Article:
• Blondie - Parallel Lines
     
    Debut album ('Blondie') was pop infused NY Punk, but not world-shaking.  Second album ('Plastic Letters') set the template, but was still lacking killer songs.  A make-over by Mike Chapman set this album apart from it's predecessors - was it really the same band?  Undoubtedly it was the same band as all the hooks and traits seen before were there, but now there was more.  A masterpiece of production and songcraft (including two cover versions).  It was even OK for Punk and New Wave fans to like Disco.
  • Bruce Springsteen - Born To Run
    Signed to Columbia in a wave of glory and expectation in 1972, the debut and it's follow-up ('Greetings from Asbury Park, NJ' and 'The Wild, the Innocent & The E Street Shuffle' (both 1973)) just didn't sell, despite critics wetting themselves.  This was make of break time for Bruce, and whilst he was preparing 'Born To Run' he became pre-occupied with making it ever more cinematic and bombastic.
    And then cam "the moment" - journalist Jon Landau wrote: "I have seen the future of rock and roll future, and its name is Bruce Springsteen".  Landau steered Springsteen to finish off 'Born To Run' and upon release (bankrolled by Columbia's marketing budget), Springsteen's epic found an audience and a place on American Rock Radio, and has sold pretty consistently ever since.
  • Metallica - Master Of Puppets
    Along with Slayer and Anthrax, Metallica were identified as one of the "Big 3" Bay Area Metal bands - their first 2 albums had found a solid and loyal audience, and in line with their status there were hailed as leaders of the Thrash movement.
    'Master Of Puppets' added more to the armoury, and would/should have found a bigger audience if it weren't for the reach of indie label Megaforce/Music For Nations (the album fared better in the US where it was released on Elektra), massive sales would surely have followed.  From a worldwide perspective, massive sales would have to wait until the follow-up - sadly the follow-up was the "sonically-challenged" '... And Justice For All', and world domination would have to wait another couple of years until 'The Black Album'
  • Queen - Sheer Heart Attack
    The first Queen album came out in mid 1973.  Despite backing from EMI and it's proggish affectations in tune with the period, it failed to find a massive audience.  Unperturbed, they tried again with 'Queen II' preceded by a Top Of The Pops appearance alongside The Wombles with "Seven Seas Of Rhye".  The success of the single pushed it's parent album into chart contention, and also saw the debut belatedly sell enough to warrant a chart placing.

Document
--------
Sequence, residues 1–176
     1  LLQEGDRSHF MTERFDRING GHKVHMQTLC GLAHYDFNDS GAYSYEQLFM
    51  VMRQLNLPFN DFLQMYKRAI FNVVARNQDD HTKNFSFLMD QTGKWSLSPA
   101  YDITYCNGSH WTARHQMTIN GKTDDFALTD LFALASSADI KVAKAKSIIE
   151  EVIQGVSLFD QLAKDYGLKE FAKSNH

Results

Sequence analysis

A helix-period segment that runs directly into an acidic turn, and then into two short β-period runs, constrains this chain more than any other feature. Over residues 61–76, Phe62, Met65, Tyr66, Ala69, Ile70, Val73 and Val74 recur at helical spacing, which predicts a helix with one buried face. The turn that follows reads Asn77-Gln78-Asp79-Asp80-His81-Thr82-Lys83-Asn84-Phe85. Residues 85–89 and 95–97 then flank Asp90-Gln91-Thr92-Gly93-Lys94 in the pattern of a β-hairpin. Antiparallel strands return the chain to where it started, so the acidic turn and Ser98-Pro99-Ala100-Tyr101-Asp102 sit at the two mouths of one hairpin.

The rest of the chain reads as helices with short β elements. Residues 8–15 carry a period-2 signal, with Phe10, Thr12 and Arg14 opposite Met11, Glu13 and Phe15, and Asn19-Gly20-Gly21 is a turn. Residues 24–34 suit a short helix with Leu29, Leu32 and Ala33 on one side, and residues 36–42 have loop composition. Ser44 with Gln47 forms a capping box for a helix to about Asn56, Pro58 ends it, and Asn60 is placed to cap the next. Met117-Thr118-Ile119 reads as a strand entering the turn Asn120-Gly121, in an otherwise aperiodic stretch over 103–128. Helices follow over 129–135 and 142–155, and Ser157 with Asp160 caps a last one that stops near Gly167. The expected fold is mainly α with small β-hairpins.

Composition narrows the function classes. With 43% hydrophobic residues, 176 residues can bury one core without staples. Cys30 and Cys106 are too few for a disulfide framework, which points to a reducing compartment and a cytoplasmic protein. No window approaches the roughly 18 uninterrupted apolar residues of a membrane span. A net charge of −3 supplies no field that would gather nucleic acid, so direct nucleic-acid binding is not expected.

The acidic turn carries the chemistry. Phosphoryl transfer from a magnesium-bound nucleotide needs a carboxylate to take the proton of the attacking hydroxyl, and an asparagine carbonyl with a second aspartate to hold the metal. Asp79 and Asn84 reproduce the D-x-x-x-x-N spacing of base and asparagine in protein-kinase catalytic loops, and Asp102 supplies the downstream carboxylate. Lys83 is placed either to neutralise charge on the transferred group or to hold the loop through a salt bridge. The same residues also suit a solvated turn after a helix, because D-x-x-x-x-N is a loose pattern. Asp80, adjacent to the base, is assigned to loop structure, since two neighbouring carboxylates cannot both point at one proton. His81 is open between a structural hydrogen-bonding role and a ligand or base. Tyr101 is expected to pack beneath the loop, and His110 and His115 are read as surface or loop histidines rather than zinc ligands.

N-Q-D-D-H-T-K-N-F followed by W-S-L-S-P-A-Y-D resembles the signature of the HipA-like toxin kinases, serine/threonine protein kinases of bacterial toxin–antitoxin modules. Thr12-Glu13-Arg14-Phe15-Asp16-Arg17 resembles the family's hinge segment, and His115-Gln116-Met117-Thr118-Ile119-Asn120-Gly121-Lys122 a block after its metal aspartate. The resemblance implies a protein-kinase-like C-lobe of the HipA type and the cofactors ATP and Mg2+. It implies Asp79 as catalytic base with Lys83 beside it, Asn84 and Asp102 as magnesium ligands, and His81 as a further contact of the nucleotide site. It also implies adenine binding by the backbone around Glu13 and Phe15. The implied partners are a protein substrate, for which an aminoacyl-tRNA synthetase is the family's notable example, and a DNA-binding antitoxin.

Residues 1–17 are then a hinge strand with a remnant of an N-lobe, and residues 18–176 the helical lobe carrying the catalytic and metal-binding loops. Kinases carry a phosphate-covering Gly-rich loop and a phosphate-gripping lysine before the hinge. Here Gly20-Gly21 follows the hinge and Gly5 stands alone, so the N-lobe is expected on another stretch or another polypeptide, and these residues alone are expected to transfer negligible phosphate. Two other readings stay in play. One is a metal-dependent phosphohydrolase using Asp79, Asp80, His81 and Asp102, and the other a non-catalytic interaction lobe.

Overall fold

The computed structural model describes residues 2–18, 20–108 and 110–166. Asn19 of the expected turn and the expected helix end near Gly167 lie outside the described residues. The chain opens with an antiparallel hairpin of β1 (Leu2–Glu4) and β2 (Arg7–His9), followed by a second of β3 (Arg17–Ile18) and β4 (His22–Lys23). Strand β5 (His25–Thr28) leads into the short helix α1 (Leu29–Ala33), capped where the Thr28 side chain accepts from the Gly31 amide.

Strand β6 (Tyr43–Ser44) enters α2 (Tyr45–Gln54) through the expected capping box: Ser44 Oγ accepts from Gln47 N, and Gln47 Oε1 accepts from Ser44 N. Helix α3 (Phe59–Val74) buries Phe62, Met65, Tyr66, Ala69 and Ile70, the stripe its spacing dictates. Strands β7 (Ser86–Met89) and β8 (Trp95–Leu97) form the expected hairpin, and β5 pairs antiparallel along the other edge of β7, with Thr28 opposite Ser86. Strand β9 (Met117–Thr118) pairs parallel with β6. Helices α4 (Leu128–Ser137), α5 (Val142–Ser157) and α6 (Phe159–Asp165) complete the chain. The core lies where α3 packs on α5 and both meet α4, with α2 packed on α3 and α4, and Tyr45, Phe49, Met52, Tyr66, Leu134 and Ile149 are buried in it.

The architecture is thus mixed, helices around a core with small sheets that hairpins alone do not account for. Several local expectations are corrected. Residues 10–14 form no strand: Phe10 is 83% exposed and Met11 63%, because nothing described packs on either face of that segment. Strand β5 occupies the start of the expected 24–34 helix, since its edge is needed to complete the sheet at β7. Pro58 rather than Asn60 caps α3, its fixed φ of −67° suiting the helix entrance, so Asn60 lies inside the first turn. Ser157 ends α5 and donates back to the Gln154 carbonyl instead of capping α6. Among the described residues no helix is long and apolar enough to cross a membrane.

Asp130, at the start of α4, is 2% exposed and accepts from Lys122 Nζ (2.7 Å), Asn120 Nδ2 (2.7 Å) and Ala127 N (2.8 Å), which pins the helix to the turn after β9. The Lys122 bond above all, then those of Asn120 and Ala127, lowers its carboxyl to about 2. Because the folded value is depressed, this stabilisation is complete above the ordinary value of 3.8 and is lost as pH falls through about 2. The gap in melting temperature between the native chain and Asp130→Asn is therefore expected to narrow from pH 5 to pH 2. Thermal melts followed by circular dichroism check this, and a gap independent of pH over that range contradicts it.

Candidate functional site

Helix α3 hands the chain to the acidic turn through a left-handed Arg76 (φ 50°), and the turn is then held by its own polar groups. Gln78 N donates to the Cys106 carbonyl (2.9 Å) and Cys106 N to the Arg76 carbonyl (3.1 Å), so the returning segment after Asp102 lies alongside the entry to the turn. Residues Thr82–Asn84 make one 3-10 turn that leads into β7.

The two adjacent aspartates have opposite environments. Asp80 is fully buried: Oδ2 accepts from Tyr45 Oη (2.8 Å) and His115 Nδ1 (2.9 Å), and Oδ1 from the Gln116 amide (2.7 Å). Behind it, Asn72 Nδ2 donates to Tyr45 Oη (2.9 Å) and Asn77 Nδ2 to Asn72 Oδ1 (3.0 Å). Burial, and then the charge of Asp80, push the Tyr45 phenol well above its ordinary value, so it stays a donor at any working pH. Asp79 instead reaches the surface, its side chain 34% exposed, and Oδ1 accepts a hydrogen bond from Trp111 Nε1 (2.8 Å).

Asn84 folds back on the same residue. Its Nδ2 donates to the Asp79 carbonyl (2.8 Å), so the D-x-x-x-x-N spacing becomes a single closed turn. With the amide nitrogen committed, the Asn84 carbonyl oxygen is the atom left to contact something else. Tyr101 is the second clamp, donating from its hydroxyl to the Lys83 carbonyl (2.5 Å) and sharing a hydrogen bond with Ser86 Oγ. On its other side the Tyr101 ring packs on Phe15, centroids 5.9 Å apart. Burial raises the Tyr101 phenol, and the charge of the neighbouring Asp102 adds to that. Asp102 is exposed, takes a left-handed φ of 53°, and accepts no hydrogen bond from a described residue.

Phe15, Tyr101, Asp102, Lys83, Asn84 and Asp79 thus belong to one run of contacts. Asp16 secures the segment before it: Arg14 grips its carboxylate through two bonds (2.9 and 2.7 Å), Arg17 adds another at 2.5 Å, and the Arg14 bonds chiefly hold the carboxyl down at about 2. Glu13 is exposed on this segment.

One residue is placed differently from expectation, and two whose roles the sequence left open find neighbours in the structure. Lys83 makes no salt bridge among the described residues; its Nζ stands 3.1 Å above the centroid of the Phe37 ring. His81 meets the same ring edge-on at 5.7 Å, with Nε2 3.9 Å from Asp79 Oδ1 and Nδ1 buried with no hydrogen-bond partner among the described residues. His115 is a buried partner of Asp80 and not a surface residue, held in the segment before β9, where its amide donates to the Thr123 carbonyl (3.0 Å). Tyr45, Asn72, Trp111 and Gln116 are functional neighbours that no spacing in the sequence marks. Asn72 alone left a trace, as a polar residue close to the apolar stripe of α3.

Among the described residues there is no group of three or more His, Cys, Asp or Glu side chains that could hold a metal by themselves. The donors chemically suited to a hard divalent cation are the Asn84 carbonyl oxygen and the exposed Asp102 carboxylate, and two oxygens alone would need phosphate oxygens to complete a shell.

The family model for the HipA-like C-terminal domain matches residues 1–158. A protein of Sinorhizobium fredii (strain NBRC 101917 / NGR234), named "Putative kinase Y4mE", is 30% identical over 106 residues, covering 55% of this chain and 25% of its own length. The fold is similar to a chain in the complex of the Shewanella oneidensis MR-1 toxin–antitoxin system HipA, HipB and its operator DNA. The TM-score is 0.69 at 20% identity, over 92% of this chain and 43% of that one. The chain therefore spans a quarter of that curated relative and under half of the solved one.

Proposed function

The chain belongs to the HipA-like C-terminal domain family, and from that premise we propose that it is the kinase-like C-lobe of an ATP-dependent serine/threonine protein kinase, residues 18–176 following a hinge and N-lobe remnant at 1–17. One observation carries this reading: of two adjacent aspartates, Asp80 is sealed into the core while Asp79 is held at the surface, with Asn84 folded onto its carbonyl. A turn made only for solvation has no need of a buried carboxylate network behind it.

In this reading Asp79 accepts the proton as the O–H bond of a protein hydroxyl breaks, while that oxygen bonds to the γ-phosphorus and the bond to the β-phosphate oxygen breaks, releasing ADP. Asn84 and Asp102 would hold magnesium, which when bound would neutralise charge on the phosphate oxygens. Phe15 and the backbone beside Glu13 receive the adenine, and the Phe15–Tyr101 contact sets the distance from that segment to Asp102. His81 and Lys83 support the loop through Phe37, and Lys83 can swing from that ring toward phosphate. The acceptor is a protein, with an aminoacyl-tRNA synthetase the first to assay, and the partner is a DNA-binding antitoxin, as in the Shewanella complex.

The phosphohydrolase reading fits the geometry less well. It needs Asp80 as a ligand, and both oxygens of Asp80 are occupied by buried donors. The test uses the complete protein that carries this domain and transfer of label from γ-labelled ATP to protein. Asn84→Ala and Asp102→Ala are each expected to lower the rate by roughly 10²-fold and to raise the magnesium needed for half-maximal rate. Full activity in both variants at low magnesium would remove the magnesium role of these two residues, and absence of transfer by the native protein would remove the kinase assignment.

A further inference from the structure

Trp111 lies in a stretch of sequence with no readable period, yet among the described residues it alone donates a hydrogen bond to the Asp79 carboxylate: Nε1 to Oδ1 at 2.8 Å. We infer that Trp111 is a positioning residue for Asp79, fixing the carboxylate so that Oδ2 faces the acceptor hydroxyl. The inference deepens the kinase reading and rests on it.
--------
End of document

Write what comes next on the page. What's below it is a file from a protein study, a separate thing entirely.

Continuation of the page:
Buyoed by critical acclaim, responsive tours and, no doubt, sheer ambition.  Their third album hit the racks in late 1974.  It blended the proggishness, straight rock and a dollop of camp.  Lead single "Killer Queen" ensured their "breakthrough" - this was the album the fully defined the band and laid the confidence for what came next.
high point, then it was downhill from there (ever diminishing returns):
  • Marillion - Misplaced Childhood
    OK, trying to do Prog-Rock in the 80s was always going to be a tough choice.  Fair play to Marillion they didn't bend from the choice, and ploughed a fairly lonely furrow (even getting namechecked on The Young Ones as one of hippy Neil's favourite bands).  'Misplaced Childhood' is perhaps their masterwork - a fully fledged concept piece released in the summer of 1985.  It spawned two Top 10 singles and sat at the top of the album charts.  A vindication of sorts that it wasn't such a daft idea to "do" Prog in the 80s after all.
    The follow-up 'Clutching At Straws' very nearly sustained it, but Fish's departure eventually led to a downturn in the bands fortunes.
  • T.Rex - The Slider
    Marc Bolan went from cult-ish hippie to Electic Warrior in a little under 4 years - he also invented Glam Rock along the way.  By 1972, he was in a position to virtually dictate the terms of his record deal with EMI  -this album marked the absolute peak of his popularity.
    Always more focussed on the 3 minute single tha the whole album, later albums sounded confused and un-focussed - sadly, so did the singles.  1976s 'Futuristic Dragon' had the feeling of something about to happen for him again, and 1977s 'Dandy In The Underworld' just about kept this going.  Unfortunately, we never got a chance to find out if he had it in him to push on and equal 'The Slider'.
  • Boomtown Rats - Fine Art Of Surfacing
    The debut album was like The Rolling Stones on speed - properly revved up R&B.  Second album had more pop sensibilities in line with Geldof's ever burgeoning media celebrity.  By this album they'd refined the music and performance, even getting a bit of social comment in with the never to be avoided "I Don't Like Mondays".  Sadly, this was it for the Rats and later albums just sound confused, like they're trying too hard
  • Pogues - If I Should Fall From Grace With God
    Taking steps froward with each of their previous albums, they arrived at this album with confidence and audience at a high.  Songs like "Fiesta" became a memorable part of often ramshackle live performances.  The presence of "Fairytale Of New York" ensures there will always be interest in the band, and possibly this album too.  However, the "fragility" of Shane MacGowan ensured that this was a high point they never reached again.  Subsequent albums are OK and often contain great tracks, they just never hang together as well again.

third Album Success rule applies but is (probably?) not their greatest album:
  • Def Leppard - Pyromania